#1450: Scarlet Witch & Vision

SCARLET WITCH & VISION – SUITED

MARVEL MINIMATES

Hey there FiQ-fans!  Rather than continuing the Voltron love with a Keith review, today I will instead be turning back to one of my old faithfuls, Marvel Minimates.  It’s been a fair while since I’ve looked at anything from this line, so let’s make up for that, and take a look see at Scarlet Witch and Vision!

THE FIGURES THEMSELVES

Scarlet Witch and Vision were released in the summer of 2016 as a SDCC-exclusive two-pack.  Both figures are based (theoretically) on their appearances in Captain America: Civil War.

SCARLET WITCH

“A product of secret HYDRA experiments, Wanda Maximoff once believed the Avengers to be her enemies. However, after fighting beside them to protect her homeland in the battle of Sokovia, she realized that her one-time foes were in fact a force for good. As the Scarlet Witch, Wanda must learn to control her uncanny powers in order to aid humanity alongside her new allies.”

Wanda was the source of much contention when the Civil War ‘mates were first being unveiled.  Despite being a central figure in the film’s plot, she wasn’t available in any of the retail sets.  Fortunately, she turned up here.  Yaaaaaaaay.  The ‘mate sports her spiffy red jacketed look, which is certainly a nice design.  The figure stands about 2 1/4 inches tall and has 14 points of articulation. She’s built on the standard ‘mate base body, with add-ons for her hair and the bottom segment of her jacket.  The hair is the same piece used for the AoU Scarlet Witch (which was itself a re-use from Series 50’s Songbird), which does at the very least sit a little better on this figure than it did the last one.  That’s a plus, I suppose.  The jacket appears to be new to this figure, and it looks decent enough.  I do wish the segment between the torso and the pelvis wasn’t quite as obvious, but that’s fairly minor.  The paintwork on Wanda is fairly solid work.  It’s all pretty clean and the line work is nice and sharp.  Once again, I do wish the center of the jacket piece were painted to match the two bits of torso on either side.  Also, I’m not sold on the likeness on the face, but it’s at least still a nice looking face.  Wanda includes a pair of spell-casting hands (borrowed from her comic book counterpart) and a clear display stand.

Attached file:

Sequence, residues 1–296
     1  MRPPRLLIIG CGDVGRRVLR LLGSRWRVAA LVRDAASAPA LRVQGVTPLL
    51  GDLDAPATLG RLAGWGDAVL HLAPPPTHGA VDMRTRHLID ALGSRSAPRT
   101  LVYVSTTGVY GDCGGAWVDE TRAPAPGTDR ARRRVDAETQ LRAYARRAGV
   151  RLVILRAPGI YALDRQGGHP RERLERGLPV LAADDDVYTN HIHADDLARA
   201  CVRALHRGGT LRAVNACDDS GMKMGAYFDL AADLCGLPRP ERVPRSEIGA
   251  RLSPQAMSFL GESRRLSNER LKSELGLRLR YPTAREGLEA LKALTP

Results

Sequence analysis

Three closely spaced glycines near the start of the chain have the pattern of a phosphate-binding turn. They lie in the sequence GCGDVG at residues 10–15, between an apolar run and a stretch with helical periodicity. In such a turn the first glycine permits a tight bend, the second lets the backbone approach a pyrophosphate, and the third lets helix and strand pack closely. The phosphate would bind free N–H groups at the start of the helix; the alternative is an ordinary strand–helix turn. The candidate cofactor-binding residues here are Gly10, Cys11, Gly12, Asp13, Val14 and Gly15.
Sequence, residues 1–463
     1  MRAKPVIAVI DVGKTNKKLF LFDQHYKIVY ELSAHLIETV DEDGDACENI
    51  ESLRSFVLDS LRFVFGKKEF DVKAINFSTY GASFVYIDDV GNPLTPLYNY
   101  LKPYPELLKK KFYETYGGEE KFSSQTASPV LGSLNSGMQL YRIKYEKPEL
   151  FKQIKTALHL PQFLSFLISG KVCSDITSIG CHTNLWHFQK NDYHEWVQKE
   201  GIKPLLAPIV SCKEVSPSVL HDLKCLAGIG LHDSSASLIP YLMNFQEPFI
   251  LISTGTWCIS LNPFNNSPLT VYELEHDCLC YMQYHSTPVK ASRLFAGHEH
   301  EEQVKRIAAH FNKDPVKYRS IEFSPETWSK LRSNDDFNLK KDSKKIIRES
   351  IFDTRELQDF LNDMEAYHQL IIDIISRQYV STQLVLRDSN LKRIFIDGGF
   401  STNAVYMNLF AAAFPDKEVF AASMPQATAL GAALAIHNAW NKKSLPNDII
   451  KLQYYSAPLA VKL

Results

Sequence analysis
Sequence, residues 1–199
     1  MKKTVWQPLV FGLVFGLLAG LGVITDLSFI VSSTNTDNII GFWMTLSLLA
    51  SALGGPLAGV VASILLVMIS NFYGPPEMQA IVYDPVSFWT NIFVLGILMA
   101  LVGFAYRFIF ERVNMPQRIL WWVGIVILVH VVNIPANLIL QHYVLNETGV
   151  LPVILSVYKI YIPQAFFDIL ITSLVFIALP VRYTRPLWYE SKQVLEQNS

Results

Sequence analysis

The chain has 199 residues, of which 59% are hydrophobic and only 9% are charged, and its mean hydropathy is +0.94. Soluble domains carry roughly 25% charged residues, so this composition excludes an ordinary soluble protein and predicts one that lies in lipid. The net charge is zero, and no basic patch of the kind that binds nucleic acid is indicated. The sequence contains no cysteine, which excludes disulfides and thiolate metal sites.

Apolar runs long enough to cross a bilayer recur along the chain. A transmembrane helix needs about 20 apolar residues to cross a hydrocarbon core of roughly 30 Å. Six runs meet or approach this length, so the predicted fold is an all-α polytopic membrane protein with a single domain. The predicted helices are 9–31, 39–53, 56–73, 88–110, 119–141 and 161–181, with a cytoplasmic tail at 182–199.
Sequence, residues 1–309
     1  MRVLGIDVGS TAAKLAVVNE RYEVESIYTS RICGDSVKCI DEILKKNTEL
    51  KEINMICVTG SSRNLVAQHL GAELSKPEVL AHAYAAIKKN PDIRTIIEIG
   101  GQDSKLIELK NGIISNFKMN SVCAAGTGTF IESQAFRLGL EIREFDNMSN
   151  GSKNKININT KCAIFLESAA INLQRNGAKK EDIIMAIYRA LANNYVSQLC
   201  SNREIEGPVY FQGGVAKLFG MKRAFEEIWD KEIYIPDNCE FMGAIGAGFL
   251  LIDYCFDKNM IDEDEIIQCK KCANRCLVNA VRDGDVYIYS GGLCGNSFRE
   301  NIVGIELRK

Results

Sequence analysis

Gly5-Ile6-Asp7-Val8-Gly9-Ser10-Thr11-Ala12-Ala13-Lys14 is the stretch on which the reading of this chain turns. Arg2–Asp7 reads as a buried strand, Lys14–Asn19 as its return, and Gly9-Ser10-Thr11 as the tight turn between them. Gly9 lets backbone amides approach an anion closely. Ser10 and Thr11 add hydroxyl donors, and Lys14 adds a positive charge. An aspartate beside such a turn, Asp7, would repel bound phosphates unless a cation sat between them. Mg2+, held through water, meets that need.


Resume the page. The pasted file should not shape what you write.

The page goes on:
VISION – SUITED